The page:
The Psychology of Drinking Coffee

Whether you know it or not, coffee affects your psyche and sense of identity in powerful ways. The influence of coffee is felt on chemical, emotional and physical levels; it’s also highly psychological.

Brewing Style

The style of brew can indicate the likelihood of a number of psychological traits. A 2013 study found that latté drinkers are more likely to be comfort seekers and generous with their time, but also to overextend themselves; that decaffeinated coffee drinkers are often obsessive, controlling and perfectionistic; that those who order sweet, frozen drinks enjoy trends and trying lots of new things; and that black coffee drinkers are generally patient and simple but also stubborn, resistant to change and, as the journal Appetite disturbingly revealed, are more likely to possess anti-social and psychopathic personality traits. 


Of course, the simple pleasure of a hot cup of coffee can have significant psychological effect—sometimes even through the act of holding it. In 2008, researchers at the National Institute of Health discovered that participants who held a warm cup of coffee in their hands tended to attribute warm feelings to strangers and even found them more trustworthy. A more surprising reason to drink hot coffee—especially in the summer—is that it actually helps to cool us off. The body’s thermosensors, located in the stomach, are stimulated by hot drinks; they in turn send a signal to the hypothalamus that the body is hot, which initiates sweating, cooling us down. Does this response qualify as psychological or strictly physiological? Perhaps a bit of both.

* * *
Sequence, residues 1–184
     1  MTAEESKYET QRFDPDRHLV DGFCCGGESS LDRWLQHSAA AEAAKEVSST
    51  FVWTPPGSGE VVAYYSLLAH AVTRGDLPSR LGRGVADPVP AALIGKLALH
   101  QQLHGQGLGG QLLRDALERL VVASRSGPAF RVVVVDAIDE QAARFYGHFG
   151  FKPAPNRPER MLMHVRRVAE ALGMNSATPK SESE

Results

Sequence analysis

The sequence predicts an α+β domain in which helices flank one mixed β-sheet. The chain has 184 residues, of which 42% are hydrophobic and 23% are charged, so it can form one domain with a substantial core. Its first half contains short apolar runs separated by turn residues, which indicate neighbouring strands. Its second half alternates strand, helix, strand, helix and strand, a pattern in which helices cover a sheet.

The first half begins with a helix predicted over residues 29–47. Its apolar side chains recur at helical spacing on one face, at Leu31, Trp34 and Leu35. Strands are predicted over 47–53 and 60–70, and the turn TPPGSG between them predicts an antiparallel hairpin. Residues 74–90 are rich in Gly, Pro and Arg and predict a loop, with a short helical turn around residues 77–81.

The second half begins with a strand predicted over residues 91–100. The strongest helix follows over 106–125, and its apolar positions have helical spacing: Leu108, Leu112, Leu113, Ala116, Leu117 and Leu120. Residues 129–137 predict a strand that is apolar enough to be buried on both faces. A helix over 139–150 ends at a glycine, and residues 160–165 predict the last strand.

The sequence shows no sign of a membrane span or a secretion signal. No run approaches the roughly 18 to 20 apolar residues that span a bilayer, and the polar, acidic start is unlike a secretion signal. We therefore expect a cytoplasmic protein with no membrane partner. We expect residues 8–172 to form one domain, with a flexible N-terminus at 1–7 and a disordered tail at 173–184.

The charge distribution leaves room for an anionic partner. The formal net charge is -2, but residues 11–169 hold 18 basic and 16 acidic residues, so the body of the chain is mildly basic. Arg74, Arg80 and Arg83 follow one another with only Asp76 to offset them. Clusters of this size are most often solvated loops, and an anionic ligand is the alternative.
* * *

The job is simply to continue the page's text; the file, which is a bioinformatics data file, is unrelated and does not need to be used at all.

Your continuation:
Moody Blues

Everyone knows, at least in theory, that coffee is a classic mood-booster—it seems like every office has at least one employee who can’t function without a cup of coffee in hand—but what does the research say? Quite a lot, it seems. A 2011 study of over 50,000 American women conducted by the Nurses’ Health Study found that depression risk decreases with increasing caffeinated coffee consumption. The study was longitudinal, encompassing a decade’s worth of follow-ups with subjects.

Neuropsychological Effects

Coffee—specifically caffeine—is a well-known contributor to a host of neuropsychological effects. While moderate caffeine intake is rarely problematic, too much ingestion of caffeine can actually lead to a state of intoxication known as caffeinism, which can involve agitation, rambling thought and speech, and insomnia—symptoms which also characterize a host of psychiatric disorders. The American Psychiatric Association officially recognizes caffeine intoxication, caffeine-induced anxiety disorder, caffeine-induced sleep disorder, and unspecified caffeine-related disorder as psychological syndromes.

Put Coffee Psychology to Work for You

Simply put, people love coffee—the taste, the smell, the routine, and the very idea. This is the kind of psychology that the astute coffee drinker can use in her favor. A 2013 study revealed that seven out of ten bosses trusted coffee drinkers more than non-coffee drinkers and that 62% were more likely to hand promotions out to them. Sometimes psychology is as easy as wearing the right shirt or making the right joke: it suddenly makes you the center of attention—in a good way.